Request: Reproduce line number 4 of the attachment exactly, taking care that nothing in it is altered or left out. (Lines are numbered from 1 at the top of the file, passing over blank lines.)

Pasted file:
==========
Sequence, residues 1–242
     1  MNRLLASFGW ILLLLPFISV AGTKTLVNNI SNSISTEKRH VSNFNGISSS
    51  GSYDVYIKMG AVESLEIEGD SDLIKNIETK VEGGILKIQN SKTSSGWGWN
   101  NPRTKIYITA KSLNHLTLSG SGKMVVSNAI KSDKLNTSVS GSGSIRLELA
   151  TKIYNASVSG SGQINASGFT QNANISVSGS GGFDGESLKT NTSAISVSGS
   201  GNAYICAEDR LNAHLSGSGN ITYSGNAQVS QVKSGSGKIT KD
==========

   101  NPRTKIYITA KSLNHLTLSG SGKMVVSNAI KSDKLNTSVS GSGSIRLELA